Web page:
One fun way to reduce food waste is by turning old produce into home gardening projects. Many of the scraps we throw away can actually be given new life with enough time, water, and sunshine. Here are five fruits and vegetables you can regrow at home.
After (safely) removing the pit from an avocado, hold onto it and grow your own avocado tree at home. Start by using four toothpicks to suspend the seed atop of a glass of water. The pointier side of the pit should be facing up and the bottom half should be submerged in the water. Wait two to four weeks—changing out the water every five days—for the seed to crack open and sprouts to emerge. Your tree is ready to be transferred to a pot with soil when it's about six inches tall.
2. Green Onions
The best way to stretch a bunch of green onions for all its worth is by regrowing the scraps. Save the white ends of your onions and submerge them in water, with the roots at the bottom of the glass and the chopped sides poking past the surface. Place them in a sunny spot and watch them grow. To keep the water from getting slimy, refresh it daily.
Like green onions, celery needs a cup of water to start the regrowing process. Stick the reserved base of your celery stalk in a glass, taking care to replace the water once a day. A new stalk will eventually start to grow from the center of the base. It should be ready for potting in as little as a week.
4. Sweet Potatoes
To grow your sweet potatoes at home, you first need to cultivate slips. Slips are sprouts that grow out of old sweet potatoes, and they're used to propagate new ones. You can grow your own by taking half of a sweet potato and suspending it over a cup with toothpicks, with the cut side submerged in the water. Leave the plant in a sunny spot until your slips have sprouted. You can harvest them by gently twisting them off the potato and submerging them in a new water glass. Slips with roots that are roughly an inch long are ready to be transferred to soil.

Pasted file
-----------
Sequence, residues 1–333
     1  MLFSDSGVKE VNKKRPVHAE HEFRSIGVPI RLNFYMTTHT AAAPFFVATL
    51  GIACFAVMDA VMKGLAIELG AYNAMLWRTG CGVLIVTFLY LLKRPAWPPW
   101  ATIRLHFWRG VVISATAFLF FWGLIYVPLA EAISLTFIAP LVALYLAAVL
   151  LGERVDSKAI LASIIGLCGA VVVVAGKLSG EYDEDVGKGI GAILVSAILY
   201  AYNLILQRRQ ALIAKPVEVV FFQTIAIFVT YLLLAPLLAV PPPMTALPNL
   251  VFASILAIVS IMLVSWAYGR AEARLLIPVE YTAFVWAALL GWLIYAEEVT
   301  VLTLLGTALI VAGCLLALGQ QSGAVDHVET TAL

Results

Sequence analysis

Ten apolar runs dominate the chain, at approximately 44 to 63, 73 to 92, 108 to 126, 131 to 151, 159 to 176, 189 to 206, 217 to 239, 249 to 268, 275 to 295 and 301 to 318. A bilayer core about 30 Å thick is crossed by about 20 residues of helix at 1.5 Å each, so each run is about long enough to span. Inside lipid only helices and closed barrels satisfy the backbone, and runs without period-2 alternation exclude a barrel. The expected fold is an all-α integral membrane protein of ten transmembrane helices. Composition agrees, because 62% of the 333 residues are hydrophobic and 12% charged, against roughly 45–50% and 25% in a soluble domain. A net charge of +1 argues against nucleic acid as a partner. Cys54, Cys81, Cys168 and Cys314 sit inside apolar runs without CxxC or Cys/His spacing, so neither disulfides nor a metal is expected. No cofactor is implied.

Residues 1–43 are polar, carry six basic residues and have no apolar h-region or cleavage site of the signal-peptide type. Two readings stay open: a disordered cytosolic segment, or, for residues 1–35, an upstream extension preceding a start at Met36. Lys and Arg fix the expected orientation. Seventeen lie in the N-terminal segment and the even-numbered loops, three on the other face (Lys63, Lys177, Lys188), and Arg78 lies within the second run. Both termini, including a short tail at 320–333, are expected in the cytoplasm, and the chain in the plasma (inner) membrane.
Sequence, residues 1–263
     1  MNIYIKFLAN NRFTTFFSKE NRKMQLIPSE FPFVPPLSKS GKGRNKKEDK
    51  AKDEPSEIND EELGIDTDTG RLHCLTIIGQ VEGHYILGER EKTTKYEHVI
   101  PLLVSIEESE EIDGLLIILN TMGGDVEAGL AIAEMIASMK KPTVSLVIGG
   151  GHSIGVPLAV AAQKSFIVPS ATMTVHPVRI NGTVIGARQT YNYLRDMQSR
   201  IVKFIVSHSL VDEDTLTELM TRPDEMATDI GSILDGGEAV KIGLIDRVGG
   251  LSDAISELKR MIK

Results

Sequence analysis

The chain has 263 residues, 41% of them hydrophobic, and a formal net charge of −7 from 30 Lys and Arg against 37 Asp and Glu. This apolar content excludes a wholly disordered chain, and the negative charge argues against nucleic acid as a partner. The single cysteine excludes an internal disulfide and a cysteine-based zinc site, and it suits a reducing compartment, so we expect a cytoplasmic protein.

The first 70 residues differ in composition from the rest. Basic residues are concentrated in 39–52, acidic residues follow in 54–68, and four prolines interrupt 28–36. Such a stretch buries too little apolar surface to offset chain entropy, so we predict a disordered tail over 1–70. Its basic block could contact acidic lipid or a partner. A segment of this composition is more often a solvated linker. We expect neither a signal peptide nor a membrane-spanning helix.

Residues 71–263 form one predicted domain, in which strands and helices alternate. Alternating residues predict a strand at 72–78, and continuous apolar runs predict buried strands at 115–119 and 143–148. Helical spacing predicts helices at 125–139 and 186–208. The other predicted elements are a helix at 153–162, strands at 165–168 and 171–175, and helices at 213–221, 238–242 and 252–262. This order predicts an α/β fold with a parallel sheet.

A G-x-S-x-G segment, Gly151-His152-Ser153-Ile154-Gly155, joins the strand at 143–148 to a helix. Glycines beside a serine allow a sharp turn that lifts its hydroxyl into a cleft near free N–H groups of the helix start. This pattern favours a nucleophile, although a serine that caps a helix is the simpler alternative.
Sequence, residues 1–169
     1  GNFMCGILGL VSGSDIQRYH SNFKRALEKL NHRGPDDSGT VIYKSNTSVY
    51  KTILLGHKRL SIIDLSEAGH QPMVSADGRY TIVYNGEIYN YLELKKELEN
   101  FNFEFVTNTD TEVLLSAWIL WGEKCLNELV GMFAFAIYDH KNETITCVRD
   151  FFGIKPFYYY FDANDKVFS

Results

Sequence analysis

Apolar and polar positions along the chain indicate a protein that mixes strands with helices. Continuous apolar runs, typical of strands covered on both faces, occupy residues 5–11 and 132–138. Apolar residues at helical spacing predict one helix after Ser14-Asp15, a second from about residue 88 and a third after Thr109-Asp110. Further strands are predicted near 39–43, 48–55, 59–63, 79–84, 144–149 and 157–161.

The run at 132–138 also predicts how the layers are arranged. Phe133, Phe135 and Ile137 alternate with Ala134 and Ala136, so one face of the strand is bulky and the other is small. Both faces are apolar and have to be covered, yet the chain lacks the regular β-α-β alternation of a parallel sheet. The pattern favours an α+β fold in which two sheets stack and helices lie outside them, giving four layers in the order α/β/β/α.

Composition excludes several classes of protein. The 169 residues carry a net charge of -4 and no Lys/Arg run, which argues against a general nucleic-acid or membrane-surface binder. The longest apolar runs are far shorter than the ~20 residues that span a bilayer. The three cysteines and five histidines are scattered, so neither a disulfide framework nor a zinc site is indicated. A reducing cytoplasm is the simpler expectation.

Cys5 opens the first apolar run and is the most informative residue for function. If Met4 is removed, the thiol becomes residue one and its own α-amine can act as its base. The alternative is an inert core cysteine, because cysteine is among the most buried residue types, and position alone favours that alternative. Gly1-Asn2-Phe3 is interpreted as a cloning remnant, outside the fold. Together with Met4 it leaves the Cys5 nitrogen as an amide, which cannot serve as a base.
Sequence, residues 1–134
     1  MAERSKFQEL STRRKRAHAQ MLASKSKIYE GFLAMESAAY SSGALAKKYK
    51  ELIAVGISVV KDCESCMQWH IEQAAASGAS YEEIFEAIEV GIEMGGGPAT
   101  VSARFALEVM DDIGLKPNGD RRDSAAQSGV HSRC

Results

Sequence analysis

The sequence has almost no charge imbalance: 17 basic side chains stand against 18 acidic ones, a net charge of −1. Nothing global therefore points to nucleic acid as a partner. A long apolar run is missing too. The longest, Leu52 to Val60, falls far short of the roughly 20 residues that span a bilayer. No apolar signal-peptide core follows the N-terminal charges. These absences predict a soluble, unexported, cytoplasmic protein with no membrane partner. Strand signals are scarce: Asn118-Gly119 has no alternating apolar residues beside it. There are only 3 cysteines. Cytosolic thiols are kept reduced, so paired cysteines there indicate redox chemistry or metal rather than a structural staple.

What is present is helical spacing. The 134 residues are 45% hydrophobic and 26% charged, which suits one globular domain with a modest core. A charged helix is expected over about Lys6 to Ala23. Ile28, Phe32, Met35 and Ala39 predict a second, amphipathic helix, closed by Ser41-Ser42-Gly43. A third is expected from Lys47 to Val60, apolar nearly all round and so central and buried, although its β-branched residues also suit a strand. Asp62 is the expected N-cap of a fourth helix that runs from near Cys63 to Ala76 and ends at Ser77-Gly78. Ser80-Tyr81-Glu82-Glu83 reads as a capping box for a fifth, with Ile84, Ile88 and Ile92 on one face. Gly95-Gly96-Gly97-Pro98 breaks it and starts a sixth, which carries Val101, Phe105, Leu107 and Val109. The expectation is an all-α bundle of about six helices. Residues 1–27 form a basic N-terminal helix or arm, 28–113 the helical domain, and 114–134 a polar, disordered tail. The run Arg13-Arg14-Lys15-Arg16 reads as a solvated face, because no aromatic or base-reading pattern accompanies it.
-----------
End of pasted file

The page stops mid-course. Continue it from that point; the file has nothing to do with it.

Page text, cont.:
By saving the tops of your pineapples, you can grow tropical fruit in your backyard. After removing the bottom leaves and any excess flesh from the top, plant it in soil. Pineapples don't need much water to grow, but they do require lots of sunshine and time. This project doesn't pay off as quickly as the others on this list. If all goes well, your pineapple will be ready to harvest in 20 to 24 months.